Next: The best movie you didn’t see in 2008, Let the Right One In

A piece of future advice for 2010: don’t get caught buying a ticket to the American remake of Let the Right One In without having seen the original. This Swedish vampire tale, adapted by writer John Ajvide Lindqvist from his own novel and directed by Tomas Alfredson, is a quiet miracle of a film that, in this writer’s opinion, deserved a shot at the Foreign Oscar race (it went un-nominated by its home country). Part fang horror, part coming-of-age romance, Let the Right One In tells the story of young, bullied Oskar (Kare Hedebrant) and his new neighbor, Eli (Lina Leandersson), a girl who appears to be Oskar’s age but in fact is a blood-drinking vampire who must keep her secret from the public eye; when her older human caretaker leaves (was he once, like Oskar, young and in love with Eli?) the pair turn to one another for help and companionship, captured poetically by Alfredson. It’s one of the most beautiful — and dark, and darkly humorous — films of last year, and a much-needed jumpstart to a genre that’s become reliant on mediocrity and gore.

Deleted scenes and a making-of documentary comprise a disappointingly light special features menu, but if sales do well don’t be surprised to get a commentary track on an eventual double dip.

Next: Catch Sally Hawkins’ infectious cheer in Happy-Go-Lucky!

Should British actress Sally Hawkins have earned an Oscar nomination for her portrayal of a supremely cheerful school teacher in Mike Leigh‘s Happy-Go-Lucky? We say yes, but judge for yourself this week as the intimate, infectious film makes its way to home video. Through a series of real-life trials that might test the patience of any normal person, the effervescent Poppy (Hawkins, who workshopped the role with Leigh) maintains a smile no matter how rough life gets — to the consternation of her grumpy driving instructor, Scott (a hilariously on-edge Eddie Marsan), and perhaps, also to viewers. Only a few extra features are to be found here, including a commentary track by director Leigh, although one behind-the-scenes featurette in particular provides insight into the creation of the film and of the Poppy character, whose bliss is anything but ignorant.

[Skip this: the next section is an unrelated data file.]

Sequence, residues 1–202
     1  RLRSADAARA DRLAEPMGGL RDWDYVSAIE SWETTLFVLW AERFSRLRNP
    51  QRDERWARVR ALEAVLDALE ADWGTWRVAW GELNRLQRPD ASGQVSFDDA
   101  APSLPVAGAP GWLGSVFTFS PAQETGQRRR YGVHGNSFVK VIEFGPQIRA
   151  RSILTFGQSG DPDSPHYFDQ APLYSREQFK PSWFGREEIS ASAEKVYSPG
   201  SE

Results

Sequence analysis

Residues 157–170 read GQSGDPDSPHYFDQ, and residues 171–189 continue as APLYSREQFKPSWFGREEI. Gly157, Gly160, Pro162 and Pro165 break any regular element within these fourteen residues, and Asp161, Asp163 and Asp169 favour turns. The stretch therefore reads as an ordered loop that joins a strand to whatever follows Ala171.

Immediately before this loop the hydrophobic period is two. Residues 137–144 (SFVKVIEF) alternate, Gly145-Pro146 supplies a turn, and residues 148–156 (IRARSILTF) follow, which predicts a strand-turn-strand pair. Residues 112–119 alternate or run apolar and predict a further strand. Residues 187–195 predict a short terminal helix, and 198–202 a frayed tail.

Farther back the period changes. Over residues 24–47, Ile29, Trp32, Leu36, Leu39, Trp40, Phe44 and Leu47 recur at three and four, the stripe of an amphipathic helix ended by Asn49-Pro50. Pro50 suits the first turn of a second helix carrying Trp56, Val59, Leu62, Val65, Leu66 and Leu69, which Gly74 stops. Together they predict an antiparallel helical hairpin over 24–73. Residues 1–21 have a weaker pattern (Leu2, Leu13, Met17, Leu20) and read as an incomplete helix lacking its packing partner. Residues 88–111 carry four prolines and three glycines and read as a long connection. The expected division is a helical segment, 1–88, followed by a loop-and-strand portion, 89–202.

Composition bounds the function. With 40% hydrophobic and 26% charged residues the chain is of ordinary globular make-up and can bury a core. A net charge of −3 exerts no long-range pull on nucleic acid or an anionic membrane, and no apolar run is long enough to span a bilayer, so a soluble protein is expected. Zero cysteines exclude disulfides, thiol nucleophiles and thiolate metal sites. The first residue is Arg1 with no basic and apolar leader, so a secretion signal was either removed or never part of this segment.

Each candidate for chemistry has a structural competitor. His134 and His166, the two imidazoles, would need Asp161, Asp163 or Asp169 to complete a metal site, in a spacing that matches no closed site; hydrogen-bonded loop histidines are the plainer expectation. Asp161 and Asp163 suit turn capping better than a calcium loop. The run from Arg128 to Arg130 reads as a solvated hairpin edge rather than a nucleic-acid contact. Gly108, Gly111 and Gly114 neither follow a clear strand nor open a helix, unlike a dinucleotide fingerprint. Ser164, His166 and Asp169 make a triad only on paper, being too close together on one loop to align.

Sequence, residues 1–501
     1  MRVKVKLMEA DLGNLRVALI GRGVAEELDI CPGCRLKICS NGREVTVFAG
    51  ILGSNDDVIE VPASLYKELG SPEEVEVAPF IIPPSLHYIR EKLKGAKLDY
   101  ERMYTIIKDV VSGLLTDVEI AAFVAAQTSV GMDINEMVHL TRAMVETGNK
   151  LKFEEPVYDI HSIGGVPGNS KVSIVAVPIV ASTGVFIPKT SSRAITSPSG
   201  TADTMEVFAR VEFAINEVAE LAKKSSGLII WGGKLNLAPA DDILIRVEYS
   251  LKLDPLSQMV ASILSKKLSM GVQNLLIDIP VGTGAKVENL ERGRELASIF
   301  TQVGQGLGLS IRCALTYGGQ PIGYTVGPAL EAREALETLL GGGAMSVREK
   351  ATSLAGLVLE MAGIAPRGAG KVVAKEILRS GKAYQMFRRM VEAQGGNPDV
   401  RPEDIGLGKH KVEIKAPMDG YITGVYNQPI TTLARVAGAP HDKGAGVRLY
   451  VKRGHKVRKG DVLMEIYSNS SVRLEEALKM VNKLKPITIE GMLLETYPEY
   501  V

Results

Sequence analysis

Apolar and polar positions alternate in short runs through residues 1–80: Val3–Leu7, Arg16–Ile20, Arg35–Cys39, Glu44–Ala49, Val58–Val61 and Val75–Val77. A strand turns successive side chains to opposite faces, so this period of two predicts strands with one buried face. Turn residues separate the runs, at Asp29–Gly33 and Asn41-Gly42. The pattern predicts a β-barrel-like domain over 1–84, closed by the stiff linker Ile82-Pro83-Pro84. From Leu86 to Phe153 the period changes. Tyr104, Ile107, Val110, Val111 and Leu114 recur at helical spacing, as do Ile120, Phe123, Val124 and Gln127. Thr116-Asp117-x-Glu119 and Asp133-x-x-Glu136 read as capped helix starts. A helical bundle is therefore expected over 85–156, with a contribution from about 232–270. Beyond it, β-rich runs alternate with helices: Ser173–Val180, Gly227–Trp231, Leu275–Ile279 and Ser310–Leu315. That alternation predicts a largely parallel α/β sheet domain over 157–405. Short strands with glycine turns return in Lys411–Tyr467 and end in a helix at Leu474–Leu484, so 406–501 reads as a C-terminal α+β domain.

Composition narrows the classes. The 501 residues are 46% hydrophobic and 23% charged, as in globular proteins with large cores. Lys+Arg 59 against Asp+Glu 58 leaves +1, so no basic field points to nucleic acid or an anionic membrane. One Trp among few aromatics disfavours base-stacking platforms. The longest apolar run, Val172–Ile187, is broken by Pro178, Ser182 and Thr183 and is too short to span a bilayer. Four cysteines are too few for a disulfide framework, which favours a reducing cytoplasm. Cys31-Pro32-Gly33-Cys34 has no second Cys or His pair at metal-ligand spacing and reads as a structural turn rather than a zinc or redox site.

Next: Raunchy laughs with Paul Rudd and Seann William Scott in Role Models

Role Models — 76%

Director David Wain has had a hit-or-miss career with his comedies (I blame that Stella sense of humor) but his latest flick, Role Models, is a solid combination of crass humor, strong characterizations, and dorkiness of the RPG-playing kind. Which is to say, I was sold. The Certified Fresh comedy — a rarity these days, unless your name is Judd Apatow — follows energy drink-selling buddies Danny and Wheeler (Paul Rudd and Seann William Scott) sentenced to mentor a pair of troubled kids as community service: sword-wielding LARP devotee (that’s Live Action Role Playing game to you non-nerds), Augie (Christopher Mintz-Plasse, AKA Superbad‘s McLovin’) and foul-mouthed troublemaker Ronnie (Bobb’e J. Thompson, who steals the show).

The DVD includes both the theatrical cut and an uncut version that runs three minutes longer, as well as a host of featurettes/deleted scenes/alternate takes. Look for Knocked Up OB-GYN Ken Jeong in a scene-stealing role as the king of Augie’s role-playing realm.

Next: Charlie Kaufman’s challenging Synecdoche, New York

If you’re a fan of Charlie Kaufman, chances are you’re enamored of the signature complexities of his screenplays for films like Being John Malkovich, Adaptation, and Eternal Sunshine of the Spotless Mind. Well, if you like those Kaufman flicks, just try to wrap your mind around his latest, which also marks his directorial debut. Synecdoche, New York tells the story of a struggling playwright (Philip Seymour Hoffman) who decides to mount his life’s greatest work — an autobiographical play with no ending — in a giant warehouse, casting actors to play himself and his loved ones until the whole thing takes on a meta-quality that will have you scratching your head well past the end credits. It’s impressive stuff, if fairly impenetrable; as Roger Ebert advises, see it twice. Four DVD featurettes, including a Blogger’s Roundtable discussion of the film with Glenn Kenny, Walter Chaw, Andrew Grant, Karina Longworth, and Chris Beaubien, should help you filter Kaufman’s opus.

Next: Transporter 3 the worst of the franchise, but hey — it’s Jason Statham!